The election campaigning is finally over, and it’s reminded me once more that Australians are extremely cynical of politicians. While some are deeply passionate about a particular political party, it’s not the norm. We complain about our politicians, doubt their motives, and tune out when they speak.
Even Christians have bought into this attitude. Like other Australians we’re passionate about some issues, but when it comes to the politicians themselves, we treat them with contempt (except if they’re agreeing with our deeply held opinions on an issue). We’ve mimicked our culture, like American Christians have mimicked theirs. From the outside, it seems as though Americans have the opposite problem to us, believing their political leaders to either be the Christ or Anti-Christ, depending on whether they’re Republican or Democrat.
But Christians shouldn’t merely mimic our culture, should we? We’re not supposed to be conformed to this world, but be transformed by the renewing of our minds (Rom 12:2). So how is a Christian supposed to respond to politics in general and politicians in particular? What does the Spirit tell us through His word?
Romans 13:1-7 is particularly important for the renewing of our minds in this area. We’re called to ‘pay to all what is owed to them … respect to whom respect is owed, honour to whom honour is owed’ (verse 7).
The tragedy is that so many of us have bought the lie that our leaders aren’t worthy of respect or honour. We see some of those personalities who espouse such disappointing views, who reject God’s ways, reject love and mercy and truth, and we buy into the views of the media and our friends on Facebook that these people are deserving of ridicule and disgust.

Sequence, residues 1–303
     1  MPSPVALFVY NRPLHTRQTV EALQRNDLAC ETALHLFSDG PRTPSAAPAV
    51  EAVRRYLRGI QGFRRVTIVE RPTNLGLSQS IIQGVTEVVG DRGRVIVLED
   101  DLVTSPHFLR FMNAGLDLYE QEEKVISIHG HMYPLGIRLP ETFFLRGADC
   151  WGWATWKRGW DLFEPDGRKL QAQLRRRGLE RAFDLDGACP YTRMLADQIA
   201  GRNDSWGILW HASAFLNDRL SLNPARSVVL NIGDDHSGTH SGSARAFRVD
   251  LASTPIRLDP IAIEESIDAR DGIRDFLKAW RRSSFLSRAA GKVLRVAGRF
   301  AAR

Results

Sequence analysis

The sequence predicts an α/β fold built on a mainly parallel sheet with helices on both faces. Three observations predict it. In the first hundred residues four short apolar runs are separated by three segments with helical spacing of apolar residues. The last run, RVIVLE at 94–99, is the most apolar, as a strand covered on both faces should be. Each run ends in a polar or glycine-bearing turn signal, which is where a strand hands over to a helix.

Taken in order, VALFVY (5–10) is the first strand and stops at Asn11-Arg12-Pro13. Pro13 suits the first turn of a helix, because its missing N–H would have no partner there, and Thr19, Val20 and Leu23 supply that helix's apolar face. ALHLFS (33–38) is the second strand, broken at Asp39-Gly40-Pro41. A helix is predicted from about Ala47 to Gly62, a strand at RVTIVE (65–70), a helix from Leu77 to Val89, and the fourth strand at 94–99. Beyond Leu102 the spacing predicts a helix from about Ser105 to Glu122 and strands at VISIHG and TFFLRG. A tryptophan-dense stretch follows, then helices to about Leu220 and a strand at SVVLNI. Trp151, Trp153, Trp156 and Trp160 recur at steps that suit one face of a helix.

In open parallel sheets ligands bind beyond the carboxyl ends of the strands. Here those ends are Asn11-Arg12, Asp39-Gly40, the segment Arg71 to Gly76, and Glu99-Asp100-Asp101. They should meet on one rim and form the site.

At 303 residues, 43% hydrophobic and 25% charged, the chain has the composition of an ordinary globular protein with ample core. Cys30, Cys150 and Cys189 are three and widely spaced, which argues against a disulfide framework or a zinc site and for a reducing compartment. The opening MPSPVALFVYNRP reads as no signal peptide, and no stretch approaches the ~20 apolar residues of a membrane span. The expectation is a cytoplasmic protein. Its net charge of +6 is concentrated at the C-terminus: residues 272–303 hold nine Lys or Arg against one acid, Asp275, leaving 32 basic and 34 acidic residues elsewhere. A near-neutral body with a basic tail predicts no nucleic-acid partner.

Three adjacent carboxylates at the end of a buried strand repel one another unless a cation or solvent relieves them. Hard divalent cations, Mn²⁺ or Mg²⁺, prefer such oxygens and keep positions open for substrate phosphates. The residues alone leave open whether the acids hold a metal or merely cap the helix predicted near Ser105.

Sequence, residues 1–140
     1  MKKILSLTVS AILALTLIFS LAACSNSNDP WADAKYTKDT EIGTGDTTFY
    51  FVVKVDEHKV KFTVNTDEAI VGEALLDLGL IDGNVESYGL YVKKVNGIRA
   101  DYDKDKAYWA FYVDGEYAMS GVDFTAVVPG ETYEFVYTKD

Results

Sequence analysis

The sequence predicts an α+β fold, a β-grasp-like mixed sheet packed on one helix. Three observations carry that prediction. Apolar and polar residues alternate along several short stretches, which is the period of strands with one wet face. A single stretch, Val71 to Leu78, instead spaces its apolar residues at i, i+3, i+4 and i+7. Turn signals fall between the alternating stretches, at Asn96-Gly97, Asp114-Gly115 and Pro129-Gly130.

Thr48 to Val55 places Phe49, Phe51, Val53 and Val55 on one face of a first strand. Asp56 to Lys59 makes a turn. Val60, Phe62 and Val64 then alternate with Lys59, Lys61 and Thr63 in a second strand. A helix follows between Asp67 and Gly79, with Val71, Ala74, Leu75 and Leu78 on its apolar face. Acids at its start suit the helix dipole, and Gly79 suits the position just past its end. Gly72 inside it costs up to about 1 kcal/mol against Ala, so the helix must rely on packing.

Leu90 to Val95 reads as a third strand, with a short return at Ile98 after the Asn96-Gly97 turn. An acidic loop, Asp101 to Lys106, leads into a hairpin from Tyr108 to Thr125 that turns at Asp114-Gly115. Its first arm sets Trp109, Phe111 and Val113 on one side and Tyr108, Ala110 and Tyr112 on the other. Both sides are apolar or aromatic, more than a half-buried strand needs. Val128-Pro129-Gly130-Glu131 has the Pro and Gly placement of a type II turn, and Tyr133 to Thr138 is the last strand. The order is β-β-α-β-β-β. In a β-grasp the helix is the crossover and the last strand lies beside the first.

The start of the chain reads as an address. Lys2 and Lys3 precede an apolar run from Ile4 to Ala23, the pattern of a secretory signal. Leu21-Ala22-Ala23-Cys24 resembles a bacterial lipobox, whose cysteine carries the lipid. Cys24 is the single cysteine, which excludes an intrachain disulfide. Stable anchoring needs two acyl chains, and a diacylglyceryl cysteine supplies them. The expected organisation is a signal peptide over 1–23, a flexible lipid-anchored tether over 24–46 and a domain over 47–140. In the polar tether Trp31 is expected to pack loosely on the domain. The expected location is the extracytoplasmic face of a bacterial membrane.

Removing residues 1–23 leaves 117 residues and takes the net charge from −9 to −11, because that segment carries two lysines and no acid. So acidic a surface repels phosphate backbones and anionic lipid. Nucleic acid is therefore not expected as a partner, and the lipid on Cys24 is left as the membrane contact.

How quick we are in other situations to assert that it’s possible to disagree with respect and love, that disagreement does not necessarily mean hatred or disgust, but then refuse to demonstrate it towards politicians. I’ve been shocked at the attitudes expressed by Christians about our political leaders. The memes or various other statements that have been shared on Facebook (if I may say, particularly against Julia Gillard, but not exclusively against her) have shown that, rather than being transformed by the renewing of our minds in the area of politics, we are being conformed to the pattern of this world.
Does this mean we never say anything negative in the political arena? Of course not. We live in a democracy and have the right to speak out. But we need to think about our method. Are we mocking and belittling those God has placed over us? What are we attacking: people or ideas? Are we being graceful and full of love?
There is no absolute rule with all this. There may be times when wickedness will need to be shown to be wicked. It is possible that the sharp word may be the most appropriate in a particular situation (Jesus did, after all, declare the Pharisees to be a ‘brood of vipers’). But, in my opinion, we far too quickly jump to that language and those methods. In the political sphere, we far too often look like everyone else, using the same methods and adopting the same attitudes.
As the election results are finalised, let’s examine our hearts. Let’s not only pray for our leaders (1 Tim 2:1-2), but pray for ourselves, that we would honour Christ as we submit and relate to those he has placed over us. This may be just the light our society needs to see.
Jesse Walz is married to Bec, and they have a four-year-old boy and a one-year-old girl. They attend Surrey Hills Presbyterian Church. Jesse is studying theology at PTC, and Bec is a stay-at-home mum.